Re: Some reflections on the semantics of embedded triples

Dear Antoine,

> In the current semantics, blank nodes that appear in embedded triples 
> are behaving differently from blank nodes outside. This leads to 
> peculiarities of semantics with possibly unforseen consequences.
> TL;DR: In short, blank nodes inside embedded triples can be understood 
> as "placeholders", as opposed to existentials when they are outside 
> embedded triples.

I would not say that they are placeholders,  the idea was originally to 
let them be quantified outside of the embedding.

Taking  your example from below,  the question is whether a triple

:mike :says <<_:x :in :house >>.

should mean (in pseudo FOL, I  am aware  that the below has  no actual 
meaning, but I hope you still get the idea)

∃x: says(mike, in(x, house))

"There is someone (or  something) about whom Mike  says that he is in house"


says(mike, (∃x: in(x, house)))

"Mike  says that someone (or something) is in house."

so, it is important to decide where exactly the blank node would be  

If  we choose the first option,  the blank nodes occurring in the 
"normal" RDF graph correspond to the referred blank nodes with the same 
name. So, if there is  for example a person of which  mike says that he 
is in house, we could  state;

_:x a :Person.
:mike :says <<_:x :in :house >>.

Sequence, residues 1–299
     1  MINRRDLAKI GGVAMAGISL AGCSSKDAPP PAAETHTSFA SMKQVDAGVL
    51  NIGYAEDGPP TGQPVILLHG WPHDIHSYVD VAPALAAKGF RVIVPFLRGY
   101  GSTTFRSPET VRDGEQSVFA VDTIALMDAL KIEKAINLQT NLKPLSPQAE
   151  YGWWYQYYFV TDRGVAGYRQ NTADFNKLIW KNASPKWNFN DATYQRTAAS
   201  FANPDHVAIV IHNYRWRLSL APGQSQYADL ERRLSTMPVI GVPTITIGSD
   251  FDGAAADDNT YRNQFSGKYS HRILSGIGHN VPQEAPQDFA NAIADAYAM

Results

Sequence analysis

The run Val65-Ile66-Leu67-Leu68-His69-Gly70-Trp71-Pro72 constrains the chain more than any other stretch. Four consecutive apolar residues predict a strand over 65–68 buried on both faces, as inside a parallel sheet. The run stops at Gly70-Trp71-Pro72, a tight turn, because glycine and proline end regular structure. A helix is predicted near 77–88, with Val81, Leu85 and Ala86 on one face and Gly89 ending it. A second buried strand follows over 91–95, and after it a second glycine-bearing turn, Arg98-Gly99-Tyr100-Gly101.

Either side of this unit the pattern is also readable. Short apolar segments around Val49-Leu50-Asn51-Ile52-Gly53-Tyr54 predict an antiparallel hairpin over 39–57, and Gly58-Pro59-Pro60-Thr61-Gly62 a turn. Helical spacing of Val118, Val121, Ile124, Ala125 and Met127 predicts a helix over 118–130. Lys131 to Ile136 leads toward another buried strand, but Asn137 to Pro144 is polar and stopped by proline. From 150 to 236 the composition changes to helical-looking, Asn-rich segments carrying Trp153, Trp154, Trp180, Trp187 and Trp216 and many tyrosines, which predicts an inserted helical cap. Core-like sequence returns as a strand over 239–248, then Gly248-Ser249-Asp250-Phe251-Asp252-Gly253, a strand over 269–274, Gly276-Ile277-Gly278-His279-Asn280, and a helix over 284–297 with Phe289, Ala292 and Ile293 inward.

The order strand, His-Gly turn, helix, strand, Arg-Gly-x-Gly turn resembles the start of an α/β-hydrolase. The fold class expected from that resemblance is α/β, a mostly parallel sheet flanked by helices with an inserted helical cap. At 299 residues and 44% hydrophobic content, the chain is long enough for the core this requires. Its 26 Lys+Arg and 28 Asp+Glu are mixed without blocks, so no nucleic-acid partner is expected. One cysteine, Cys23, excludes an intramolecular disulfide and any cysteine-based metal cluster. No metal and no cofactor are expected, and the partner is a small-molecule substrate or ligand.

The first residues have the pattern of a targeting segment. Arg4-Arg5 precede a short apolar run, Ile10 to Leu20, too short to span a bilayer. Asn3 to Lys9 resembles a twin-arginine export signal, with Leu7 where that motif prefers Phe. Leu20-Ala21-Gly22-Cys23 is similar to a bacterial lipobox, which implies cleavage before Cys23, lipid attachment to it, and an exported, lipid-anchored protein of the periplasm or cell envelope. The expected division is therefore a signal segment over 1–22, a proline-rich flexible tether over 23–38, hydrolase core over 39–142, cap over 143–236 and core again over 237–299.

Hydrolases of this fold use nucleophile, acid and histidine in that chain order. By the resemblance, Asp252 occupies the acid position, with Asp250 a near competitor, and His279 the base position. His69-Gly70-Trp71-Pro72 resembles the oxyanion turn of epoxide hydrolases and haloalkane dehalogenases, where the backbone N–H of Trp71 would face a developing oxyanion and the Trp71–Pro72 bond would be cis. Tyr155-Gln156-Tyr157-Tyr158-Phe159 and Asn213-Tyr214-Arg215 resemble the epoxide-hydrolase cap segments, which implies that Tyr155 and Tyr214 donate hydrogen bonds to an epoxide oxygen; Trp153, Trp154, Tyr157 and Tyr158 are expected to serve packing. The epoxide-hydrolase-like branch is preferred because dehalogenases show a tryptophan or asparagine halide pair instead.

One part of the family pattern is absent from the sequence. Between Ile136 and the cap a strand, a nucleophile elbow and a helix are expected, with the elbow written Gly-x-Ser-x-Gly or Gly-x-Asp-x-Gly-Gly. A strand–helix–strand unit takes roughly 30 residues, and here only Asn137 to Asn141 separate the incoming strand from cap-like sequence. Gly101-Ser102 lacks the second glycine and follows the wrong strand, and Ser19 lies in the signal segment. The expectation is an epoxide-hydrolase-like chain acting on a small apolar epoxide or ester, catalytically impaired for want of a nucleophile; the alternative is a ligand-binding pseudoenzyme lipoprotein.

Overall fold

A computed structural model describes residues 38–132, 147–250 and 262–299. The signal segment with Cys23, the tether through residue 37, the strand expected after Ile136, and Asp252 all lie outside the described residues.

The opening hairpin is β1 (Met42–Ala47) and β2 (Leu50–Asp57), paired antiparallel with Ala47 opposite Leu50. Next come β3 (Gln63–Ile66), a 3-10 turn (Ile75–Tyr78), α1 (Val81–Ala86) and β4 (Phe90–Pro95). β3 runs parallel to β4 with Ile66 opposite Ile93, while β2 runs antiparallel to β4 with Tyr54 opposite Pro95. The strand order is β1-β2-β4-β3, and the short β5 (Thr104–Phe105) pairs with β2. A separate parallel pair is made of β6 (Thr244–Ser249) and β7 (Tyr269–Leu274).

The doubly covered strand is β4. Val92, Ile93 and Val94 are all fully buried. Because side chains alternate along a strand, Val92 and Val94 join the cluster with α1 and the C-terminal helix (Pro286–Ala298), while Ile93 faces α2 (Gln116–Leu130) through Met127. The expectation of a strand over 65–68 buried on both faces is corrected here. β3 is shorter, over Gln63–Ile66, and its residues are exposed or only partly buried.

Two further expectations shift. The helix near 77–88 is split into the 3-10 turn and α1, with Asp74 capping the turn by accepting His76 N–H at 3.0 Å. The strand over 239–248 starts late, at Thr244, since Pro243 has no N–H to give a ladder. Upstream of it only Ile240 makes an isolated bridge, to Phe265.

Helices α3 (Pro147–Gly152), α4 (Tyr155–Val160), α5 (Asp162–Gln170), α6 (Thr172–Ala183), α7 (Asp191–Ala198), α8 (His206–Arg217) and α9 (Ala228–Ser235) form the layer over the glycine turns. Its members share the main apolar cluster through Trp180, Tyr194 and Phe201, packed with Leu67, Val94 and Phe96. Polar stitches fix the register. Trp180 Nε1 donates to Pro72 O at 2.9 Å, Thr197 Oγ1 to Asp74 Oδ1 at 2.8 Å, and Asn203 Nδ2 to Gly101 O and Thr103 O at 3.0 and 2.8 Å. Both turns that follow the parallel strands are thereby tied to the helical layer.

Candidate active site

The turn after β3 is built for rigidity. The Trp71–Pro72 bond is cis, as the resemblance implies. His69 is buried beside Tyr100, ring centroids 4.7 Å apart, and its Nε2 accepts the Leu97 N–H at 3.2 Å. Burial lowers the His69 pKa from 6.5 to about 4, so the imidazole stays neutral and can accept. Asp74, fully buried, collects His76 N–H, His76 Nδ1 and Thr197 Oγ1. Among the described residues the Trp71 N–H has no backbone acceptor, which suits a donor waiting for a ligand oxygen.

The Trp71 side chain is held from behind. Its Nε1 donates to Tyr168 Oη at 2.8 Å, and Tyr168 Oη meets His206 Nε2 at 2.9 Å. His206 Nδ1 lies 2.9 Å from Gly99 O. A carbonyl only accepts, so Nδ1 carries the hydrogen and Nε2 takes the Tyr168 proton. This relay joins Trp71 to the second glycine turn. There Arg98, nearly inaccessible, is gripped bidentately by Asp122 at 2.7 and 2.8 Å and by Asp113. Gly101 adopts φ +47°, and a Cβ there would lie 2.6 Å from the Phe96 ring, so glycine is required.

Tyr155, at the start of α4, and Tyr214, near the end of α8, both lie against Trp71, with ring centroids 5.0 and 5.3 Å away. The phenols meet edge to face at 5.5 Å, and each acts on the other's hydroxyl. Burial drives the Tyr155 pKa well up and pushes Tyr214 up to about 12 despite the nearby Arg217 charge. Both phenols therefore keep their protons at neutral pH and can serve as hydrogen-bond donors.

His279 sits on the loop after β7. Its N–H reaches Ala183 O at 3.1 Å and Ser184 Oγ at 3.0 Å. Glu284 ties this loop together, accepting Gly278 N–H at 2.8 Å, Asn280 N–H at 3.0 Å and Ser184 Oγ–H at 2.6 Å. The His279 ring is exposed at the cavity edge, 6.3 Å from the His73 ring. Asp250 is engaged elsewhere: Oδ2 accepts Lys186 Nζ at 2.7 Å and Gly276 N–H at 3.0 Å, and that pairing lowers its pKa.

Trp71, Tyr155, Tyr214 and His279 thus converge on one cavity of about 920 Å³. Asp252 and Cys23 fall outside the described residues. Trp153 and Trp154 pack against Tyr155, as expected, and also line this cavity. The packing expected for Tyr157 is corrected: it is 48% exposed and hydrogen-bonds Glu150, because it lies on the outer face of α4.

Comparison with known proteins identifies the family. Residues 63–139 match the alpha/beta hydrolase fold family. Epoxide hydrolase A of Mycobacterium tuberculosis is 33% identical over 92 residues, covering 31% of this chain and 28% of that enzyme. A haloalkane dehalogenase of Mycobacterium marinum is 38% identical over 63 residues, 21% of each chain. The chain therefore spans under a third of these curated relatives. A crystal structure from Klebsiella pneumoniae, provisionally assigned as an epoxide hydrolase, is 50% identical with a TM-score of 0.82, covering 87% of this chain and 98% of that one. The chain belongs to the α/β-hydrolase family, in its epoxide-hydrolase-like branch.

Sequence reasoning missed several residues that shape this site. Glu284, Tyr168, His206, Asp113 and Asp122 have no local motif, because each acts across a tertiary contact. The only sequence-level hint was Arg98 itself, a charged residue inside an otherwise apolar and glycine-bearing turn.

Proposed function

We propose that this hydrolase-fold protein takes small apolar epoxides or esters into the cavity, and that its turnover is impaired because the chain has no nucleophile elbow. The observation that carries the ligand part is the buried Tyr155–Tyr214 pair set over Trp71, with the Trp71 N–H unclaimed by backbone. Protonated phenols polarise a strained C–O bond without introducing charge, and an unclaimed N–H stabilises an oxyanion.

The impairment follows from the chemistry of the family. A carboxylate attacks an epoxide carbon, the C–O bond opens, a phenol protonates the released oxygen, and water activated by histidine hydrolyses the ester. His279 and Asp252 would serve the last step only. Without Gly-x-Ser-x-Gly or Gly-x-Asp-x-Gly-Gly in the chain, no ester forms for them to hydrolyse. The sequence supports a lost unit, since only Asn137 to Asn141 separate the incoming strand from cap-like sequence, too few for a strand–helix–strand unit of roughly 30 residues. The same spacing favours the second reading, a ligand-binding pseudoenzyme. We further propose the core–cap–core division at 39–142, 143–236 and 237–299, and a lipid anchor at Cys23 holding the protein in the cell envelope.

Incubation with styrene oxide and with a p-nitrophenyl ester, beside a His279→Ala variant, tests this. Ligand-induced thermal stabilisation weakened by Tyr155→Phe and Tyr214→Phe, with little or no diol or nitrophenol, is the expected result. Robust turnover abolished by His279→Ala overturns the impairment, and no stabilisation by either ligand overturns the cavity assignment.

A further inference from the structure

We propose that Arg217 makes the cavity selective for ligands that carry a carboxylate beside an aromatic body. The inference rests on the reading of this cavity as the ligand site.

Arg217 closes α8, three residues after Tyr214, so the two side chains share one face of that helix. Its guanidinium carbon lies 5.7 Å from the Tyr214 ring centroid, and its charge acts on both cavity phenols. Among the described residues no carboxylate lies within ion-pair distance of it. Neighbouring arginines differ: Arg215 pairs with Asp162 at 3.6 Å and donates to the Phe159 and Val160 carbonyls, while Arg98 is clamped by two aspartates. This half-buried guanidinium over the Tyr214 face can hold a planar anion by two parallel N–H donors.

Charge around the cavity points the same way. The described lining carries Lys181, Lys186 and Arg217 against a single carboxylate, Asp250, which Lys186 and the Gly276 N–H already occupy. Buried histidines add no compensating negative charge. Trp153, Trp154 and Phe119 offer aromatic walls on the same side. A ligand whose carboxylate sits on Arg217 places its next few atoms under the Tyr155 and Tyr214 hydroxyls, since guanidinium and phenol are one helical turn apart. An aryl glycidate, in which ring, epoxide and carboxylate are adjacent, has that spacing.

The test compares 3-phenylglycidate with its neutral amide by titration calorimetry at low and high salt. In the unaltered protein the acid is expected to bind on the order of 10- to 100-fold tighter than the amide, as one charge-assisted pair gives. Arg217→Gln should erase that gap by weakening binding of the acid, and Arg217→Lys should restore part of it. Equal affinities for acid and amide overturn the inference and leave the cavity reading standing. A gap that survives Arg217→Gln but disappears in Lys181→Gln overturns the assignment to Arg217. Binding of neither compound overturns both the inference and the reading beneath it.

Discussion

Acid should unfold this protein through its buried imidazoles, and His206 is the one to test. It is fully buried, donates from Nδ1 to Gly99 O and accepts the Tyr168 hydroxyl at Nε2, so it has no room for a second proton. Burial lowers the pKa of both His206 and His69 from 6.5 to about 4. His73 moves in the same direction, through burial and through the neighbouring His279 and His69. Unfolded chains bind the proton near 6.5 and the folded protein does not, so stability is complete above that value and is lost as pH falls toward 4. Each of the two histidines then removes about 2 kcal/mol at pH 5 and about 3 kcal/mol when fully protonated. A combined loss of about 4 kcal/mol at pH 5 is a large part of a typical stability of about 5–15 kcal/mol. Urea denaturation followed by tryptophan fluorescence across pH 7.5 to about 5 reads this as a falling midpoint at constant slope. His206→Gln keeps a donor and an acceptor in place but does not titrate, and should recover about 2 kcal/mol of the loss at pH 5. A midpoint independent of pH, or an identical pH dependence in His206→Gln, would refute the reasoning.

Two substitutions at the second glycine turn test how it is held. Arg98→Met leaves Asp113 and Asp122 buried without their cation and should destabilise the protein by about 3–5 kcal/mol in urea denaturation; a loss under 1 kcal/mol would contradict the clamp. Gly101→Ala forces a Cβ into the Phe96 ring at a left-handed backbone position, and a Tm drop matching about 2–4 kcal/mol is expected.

and the two occurrences of _:x would actually refer to the same instance.

In the second interpretation, the blank node would have local scope and 
the two _:x could refer to two different domain elements. The second  
interpretation would reflect the situation that Mike  actually stated  
that there is someone in house. So, if we have  a graph of statements 
from Mike and that  graph contains the triple _:x :in :house.

Both interpretations have  advantages, but we have to choose one of 
them.  I would say that choice should depend of our  intended use of 
RDF*. So far I understood from the discussions that a correspondence 
between a blank node in an embedded triple and a "normal" triple  is  
what we want.  To get that we have to give up the local quantification.

But I guess  we will have the discussion anyway when it comes to the 
discussion of examples containing bank nodes in our next meeting.

Kind regards,

Received on Monday, 30 November 2020 15:23:00 UTC